Santander today announces the launch of Zinia, its new buy now, pay later (BNPL) service in Germany.
Speaking with Finextra on the announcement, CEO of Openbank and Santander Consumer Finance, Ezequiel Szafir, explains that this launch is particularly significant for the industry as “it’s the first time we see an incumbent bank getting into a field that has been, until now, totally owned by fintechs and with this kind of early success.”
Zinia was not built overnight, Szafir explains. The project was developed by Santander’s Digital Consumer Bank (DCB), which is a combination of sorts between Santander Consumer Finance (SCF) and Openbank - Santander’s digital bank - over the past few years.
The BNPL product, which has been rolled out in Germany over the past nine months, has welcomed over two million customers into the fold. “That’s fintech numbers,” Szafir observes.
The decision to pursue Germany first, Szafir adds, is because “as a bank, we follow our retailers, customers, and partners. A number of important retailers were asking us for BNPL products.”
Should fintechs be "scared” of Zinia?
Already present in 18 countries, Santander Consumer Finance services 19 million customers and 63,000 affiliated merchants. This places Zinia in a unique and powerful position to begin growing organically through its existing footprint.
“This is what I call a super unfair advantage. The moment banks start behaving like fintechs should be scary for fintechs, we’re doing that, and fintechs should take notice.”
Rather than describing this entry into BNPL as a defensive move by Santander to reduce the threat of BNPL players taking precious market share, Szafir explains that this BNPL product is just one aspect of an overarching “offense strategy” to re-calibrate the bank as a formidable competitor to digital newcomers.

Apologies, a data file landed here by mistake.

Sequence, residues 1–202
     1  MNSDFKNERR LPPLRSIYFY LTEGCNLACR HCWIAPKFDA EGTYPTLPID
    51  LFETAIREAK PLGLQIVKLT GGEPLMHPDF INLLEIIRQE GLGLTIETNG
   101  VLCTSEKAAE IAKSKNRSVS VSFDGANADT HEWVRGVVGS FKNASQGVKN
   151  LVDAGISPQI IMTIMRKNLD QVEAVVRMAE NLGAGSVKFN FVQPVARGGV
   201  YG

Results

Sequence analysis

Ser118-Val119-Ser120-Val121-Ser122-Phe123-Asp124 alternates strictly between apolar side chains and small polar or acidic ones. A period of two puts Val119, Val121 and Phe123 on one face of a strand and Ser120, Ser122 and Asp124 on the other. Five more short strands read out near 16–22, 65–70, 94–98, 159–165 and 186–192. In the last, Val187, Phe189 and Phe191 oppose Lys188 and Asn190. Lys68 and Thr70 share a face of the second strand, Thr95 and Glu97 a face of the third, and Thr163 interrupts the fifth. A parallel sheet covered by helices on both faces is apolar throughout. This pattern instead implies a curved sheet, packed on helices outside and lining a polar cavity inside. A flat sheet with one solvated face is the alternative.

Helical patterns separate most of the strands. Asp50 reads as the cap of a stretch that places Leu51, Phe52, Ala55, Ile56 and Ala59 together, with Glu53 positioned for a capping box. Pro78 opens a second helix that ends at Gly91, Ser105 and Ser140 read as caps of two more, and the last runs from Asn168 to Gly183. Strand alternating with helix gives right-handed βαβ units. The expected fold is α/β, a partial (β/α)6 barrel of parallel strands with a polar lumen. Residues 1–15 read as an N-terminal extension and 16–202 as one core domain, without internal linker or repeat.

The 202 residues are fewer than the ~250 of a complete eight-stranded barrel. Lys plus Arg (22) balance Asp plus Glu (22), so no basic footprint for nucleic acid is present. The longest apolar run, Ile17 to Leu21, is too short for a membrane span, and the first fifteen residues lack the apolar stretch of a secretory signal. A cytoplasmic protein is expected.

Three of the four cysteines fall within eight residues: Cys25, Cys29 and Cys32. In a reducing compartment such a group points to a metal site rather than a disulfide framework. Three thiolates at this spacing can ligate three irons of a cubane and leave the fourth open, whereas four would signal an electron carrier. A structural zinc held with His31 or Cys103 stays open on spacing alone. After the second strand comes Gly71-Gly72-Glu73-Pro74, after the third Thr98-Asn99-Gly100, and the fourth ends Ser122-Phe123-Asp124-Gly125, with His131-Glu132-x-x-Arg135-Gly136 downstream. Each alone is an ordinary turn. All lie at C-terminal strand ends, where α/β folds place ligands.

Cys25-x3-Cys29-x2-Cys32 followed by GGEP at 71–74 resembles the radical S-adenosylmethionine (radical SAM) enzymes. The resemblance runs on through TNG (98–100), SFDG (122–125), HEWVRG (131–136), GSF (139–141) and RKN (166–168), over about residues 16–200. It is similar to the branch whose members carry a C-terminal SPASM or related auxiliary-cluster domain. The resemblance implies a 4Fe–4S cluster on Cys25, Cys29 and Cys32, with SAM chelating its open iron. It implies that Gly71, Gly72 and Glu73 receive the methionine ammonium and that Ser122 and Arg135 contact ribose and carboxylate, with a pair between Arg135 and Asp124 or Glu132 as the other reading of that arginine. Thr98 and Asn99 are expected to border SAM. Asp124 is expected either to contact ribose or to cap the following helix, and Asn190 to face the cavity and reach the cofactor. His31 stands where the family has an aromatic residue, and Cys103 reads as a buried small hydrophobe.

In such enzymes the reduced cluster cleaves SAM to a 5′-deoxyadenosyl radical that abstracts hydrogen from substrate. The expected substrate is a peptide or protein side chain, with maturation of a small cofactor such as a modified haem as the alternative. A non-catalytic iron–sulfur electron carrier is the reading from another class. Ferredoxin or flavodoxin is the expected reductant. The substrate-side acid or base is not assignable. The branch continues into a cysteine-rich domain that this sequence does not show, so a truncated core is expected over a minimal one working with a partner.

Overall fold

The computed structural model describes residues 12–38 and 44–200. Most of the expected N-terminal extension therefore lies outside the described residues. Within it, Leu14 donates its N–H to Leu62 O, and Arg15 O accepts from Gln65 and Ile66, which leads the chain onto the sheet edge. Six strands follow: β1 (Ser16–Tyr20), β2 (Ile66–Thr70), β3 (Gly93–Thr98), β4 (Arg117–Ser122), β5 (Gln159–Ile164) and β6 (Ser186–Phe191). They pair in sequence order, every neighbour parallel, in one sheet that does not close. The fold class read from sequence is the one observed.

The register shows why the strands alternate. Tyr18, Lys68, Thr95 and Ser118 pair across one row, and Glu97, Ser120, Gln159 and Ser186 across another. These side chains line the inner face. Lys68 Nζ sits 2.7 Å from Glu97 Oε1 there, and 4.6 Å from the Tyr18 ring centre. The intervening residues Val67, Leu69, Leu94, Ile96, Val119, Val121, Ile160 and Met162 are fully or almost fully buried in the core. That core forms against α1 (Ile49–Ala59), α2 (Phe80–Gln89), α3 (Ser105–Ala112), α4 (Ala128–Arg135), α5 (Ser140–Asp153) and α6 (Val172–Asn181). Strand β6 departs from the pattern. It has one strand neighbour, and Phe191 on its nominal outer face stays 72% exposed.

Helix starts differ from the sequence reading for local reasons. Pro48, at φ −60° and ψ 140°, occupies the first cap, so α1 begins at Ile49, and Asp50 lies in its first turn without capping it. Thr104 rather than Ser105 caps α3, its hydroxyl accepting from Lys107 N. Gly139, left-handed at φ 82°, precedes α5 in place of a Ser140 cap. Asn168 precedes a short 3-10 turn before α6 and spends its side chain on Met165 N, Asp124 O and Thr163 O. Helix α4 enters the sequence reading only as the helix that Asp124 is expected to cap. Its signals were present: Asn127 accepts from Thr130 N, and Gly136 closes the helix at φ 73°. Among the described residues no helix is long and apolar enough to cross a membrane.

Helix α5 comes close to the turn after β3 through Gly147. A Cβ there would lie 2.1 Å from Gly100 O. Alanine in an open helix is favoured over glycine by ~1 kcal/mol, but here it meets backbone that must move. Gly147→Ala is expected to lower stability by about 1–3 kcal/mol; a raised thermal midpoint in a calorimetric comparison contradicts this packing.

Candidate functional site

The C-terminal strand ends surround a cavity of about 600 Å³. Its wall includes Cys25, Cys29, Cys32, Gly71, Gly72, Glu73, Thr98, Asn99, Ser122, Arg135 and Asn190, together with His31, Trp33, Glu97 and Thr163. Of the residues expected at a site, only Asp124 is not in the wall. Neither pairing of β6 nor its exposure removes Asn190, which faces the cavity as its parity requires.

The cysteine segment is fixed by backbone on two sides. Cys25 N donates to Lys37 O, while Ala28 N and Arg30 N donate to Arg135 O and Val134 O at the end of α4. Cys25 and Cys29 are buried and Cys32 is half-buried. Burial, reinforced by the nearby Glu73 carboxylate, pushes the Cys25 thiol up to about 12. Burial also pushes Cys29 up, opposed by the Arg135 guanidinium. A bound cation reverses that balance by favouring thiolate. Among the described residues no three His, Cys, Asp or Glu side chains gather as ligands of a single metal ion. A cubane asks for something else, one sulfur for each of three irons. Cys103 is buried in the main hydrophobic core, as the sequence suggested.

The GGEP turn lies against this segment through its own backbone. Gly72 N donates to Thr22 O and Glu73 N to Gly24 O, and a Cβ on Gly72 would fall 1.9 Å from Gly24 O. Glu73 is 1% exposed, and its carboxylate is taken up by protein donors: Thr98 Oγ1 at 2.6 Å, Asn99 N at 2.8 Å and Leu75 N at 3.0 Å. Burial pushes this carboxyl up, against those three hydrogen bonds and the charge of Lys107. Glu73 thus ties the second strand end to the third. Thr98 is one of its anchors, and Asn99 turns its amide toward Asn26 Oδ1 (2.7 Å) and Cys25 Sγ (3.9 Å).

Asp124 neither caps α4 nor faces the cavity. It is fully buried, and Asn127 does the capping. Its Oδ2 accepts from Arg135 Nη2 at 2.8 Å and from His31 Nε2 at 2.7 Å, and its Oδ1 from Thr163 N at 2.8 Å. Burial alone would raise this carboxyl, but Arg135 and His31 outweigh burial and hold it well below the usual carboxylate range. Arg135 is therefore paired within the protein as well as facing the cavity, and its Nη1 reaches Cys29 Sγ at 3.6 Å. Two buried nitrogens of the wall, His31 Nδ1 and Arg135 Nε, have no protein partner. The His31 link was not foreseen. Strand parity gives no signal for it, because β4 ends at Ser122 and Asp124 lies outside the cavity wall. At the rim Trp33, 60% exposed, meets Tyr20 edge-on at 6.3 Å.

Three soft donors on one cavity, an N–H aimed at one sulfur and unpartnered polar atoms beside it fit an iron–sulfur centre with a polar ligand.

“Santander Group is the only group - that I know of - that took the fact that we needed a new fintech-type technology stack quite a few years ago. For the last five years, we’ve been investing and developing Openbank extensively.”
The Zinia launch was therefore the result of Santander being ready to deliver when its customers began asking for a that service. “Compared to other banks that don't go where fintechs go, because they cannot, we decided that we were going to take them on.”
The two key reasons for slow response from incumbent banks on the BNPL front are regulatory challenges and technology. “The large BNPL players have been able to provide these services in ways that banks simply cannot due to regulation. For example, banks are obliged to carry out responsible lending, to check affordability, to protect private data. BNPL players have been regulated in a different way.”
He notes that fundamental issues with legacy technology has rendered financial institutions unable to compete.
However, the reason Santander is striving to “get into fintech” in ways that other banks aren’t is because it has the luxury of access to agile technology while remaining a bank. “We command a trust that fintechs don’t have, because we are actually following strict rules.”
With increased regulatory pressure building in the sector, certain BNPL players may soon feel the squeeze, believes Szafir. He predicts that a number of fintechs will fail, as they won’t be able to produce sufficient income while juggling the added pressure of regulatory obligations.
“I would bet against most of them, not all of them. But that’s a bet for venture capitalists to take.”
The same goes for banks. “Some banks are in denial, but you can easily see which banks are not in denial about these digital threats […] I think you will see weaknesses emerge on both sides.”
Circling back to the point on trust, he notes that Santander has an “unfair advantage” compared to fintechs, given the bank’s long established history and familiarity with regulatory process.
Perhaps alluding to Klarna’s unfortunate data breach in May 2021, he adds: “This means we are turning regulation into an advantage. The fact that we’re regulated instils trust in our partners. They know that we’re serious, that there won’t be hidden fees and that their data will be protected.”
Despite the fierce surge in BNPL across the globe over the past 24 months, Szafir believes that BNPL is more likely to be a wake-up call to the industry rather than revolutionising our approach to credit.
“It’s just another way to pay, so I don’t think it’s revolutionary per se. It indicates an end of an era where incumbents are slipping - in denial, and fintechs are winning.”
“If all banks do what Santander does,” he warns, “wow, fintechs should really take notice.”